The final diagnosis was difficult to reach in approximately 20.8% of the cases. These facts emphasize the importance of genetic testing (whole-genome sequencing – WGS/WES) to modify the care of this patient population after the initial conventional evaluation. However, cost and availability are major limiting factors in these investigations [3].
Jaundice is a common symptom in the neonatal period. It is mostly associated with benign, non-cholestatic causes. However, prolonged neonatal jaundice raises the suspicion of neonatal cholestasis, which mandates checking total and direct bilirubin levels in these infants [22].
Jaundice was invariably present in all our patients and was the most common (although nonspecific) symptom of neonatal cholestasis. This finding is consistent with those of previous studies [3, 5, 6]. Acholic stool (clay-colored stool) is a cardinal feature of cholestasis, which implies complete cholestasis and, consequently, a worse prognosis [5]. It is important to remember that the absence of clay-colored stools does not rule out neonatal cholestasis or even anatomical causes such as biliary atresia. Acholic stool was described in 29.7% of our cases, and two of the nine cases of biliary atresia had normal stool color.
The differential diagnoses of neonatal cholestasis are very broad, including a battery of investigations. After a detailed history and examination, laboratory workup assessing liver enzymes and synthetic function is usually performed, including alanine aminotransferase (ALT), aspartate aminotransferase (AST), alkaline phosphatase (AP), gamma-glutamyl transpeptidase (GGTP), prothrombin time (PT), international normalized ratio (INR), glucose, and albumin [4].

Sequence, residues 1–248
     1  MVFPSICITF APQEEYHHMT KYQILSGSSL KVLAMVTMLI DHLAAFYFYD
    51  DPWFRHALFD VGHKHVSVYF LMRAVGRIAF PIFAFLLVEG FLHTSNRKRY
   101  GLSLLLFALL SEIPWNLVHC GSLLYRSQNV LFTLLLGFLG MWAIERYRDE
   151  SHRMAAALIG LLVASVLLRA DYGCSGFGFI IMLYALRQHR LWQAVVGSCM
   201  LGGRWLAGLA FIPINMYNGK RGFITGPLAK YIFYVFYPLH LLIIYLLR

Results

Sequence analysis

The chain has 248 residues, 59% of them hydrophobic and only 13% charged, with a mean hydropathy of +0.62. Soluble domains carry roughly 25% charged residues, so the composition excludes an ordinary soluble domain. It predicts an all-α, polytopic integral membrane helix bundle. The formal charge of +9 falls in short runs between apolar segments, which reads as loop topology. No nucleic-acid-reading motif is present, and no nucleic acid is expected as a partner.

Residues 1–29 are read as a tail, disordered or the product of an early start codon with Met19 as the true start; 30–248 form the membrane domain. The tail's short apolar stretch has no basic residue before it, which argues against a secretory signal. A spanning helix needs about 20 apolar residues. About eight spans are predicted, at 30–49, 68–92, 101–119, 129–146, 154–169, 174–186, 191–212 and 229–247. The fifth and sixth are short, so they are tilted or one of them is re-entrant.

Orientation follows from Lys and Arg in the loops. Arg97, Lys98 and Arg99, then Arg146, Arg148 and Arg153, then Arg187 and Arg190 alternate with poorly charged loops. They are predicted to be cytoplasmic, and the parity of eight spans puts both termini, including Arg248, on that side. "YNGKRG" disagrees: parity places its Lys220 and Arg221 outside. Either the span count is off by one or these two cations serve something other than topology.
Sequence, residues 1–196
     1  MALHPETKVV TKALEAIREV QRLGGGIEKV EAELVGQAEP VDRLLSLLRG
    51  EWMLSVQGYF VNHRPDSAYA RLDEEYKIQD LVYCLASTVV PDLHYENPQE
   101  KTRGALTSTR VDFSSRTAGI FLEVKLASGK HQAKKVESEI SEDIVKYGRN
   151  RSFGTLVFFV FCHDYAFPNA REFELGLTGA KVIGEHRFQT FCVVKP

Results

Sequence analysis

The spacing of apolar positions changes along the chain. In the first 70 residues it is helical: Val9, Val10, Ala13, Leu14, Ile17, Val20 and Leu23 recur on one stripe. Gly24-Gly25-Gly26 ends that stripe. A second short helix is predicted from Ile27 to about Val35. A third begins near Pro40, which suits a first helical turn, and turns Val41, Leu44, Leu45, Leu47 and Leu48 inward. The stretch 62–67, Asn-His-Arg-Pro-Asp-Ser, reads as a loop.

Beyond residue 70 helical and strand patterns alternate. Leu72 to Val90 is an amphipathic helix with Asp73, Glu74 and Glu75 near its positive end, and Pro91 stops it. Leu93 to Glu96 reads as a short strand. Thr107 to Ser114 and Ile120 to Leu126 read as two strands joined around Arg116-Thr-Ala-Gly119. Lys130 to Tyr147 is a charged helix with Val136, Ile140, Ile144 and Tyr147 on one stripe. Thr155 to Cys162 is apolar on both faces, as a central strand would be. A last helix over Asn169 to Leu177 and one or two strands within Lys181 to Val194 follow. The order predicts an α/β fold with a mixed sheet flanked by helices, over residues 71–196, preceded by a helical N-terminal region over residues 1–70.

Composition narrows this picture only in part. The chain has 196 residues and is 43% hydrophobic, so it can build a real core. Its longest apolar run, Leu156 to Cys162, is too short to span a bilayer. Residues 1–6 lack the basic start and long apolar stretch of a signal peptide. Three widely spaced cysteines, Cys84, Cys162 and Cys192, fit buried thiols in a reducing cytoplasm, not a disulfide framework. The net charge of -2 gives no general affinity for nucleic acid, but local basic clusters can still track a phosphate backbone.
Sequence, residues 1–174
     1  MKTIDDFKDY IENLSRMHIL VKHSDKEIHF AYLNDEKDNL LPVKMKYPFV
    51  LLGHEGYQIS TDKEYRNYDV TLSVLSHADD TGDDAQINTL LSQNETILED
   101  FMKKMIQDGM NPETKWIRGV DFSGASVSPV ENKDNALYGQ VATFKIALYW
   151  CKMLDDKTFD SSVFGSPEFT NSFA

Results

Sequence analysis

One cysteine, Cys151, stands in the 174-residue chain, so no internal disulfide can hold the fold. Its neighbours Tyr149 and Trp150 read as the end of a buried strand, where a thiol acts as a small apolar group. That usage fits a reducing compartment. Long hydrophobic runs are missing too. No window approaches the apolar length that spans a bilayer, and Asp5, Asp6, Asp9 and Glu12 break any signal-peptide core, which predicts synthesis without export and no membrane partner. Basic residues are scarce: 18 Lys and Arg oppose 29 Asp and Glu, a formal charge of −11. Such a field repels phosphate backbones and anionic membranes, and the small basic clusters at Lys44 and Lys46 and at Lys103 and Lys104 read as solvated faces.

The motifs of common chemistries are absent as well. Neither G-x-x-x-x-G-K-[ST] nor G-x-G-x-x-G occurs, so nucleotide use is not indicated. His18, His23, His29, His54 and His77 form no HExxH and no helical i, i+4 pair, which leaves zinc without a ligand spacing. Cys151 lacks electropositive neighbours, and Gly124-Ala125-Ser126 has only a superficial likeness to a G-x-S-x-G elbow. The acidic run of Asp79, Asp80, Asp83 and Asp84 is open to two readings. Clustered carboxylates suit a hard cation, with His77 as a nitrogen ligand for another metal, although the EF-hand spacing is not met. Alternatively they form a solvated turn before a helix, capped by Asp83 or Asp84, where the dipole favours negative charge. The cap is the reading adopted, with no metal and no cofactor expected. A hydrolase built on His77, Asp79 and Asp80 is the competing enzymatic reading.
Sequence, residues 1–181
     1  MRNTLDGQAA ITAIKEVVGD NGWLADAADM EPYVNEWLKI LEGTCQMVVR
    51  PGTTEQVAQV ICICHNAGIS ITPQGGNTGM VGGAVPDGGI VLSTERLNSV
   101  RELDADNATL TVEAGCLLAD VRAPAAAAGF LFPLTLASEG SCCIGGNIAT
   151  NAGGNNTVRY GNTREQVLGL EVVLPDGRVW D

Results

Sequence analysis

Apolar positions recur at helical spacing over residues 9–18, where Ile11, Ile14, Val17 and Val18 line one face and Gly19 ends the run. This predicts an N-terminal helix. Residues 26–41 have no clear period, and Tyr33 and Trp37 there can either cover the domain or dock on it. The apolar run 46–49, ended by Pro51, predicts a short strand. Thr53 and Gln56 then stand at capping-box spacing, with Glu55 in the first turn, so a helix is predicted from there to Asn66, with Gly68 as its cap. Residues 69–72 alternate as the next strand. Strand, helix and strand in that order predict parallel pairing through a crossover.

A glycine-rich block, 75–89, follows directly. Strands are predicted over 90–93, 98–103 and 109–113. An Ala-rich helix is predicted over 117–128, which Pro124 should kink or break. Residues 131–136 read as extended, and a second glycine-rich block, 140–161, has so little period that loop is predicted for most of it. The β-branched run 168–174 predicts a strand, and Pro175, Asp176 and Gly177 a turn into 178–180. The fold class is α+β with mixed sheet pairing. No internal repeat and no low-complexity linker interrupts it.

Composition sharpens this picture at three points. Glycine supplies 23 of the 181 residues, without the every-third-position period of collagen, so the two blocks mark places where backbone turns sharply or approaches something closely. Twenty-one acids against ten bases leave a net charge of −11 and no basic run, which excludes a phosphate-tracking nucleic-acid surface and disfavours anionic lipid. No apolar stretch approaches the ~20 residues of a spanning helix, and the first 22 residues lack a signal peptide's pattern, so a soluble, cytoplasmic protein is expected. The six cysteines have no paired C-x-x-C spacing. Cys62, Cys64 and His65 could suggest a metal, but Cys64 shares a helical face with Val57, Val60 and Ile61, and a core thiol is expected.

Gamma-glutamyl transpeptidase is usually elevated in cases of neonatal cholestasis, but normal levels can indicate specific differentials such as PFIC 1 and 2 and bile salt disease [23, 24].
Although meticulous revision of local newborn screening is usually helpful, as many diseases that cause neonatal cholestasis are usually screened, including tyrosinemia, cystic fibrosis (CF), and galactosemia [4], this is not the case in Jordan, where newborn screening is limited to G6PD deficiency, PKU, and thyroid function tests [25]. Among these diseases, only hypothyroidism is considered a known cause of neonatal cholestasis.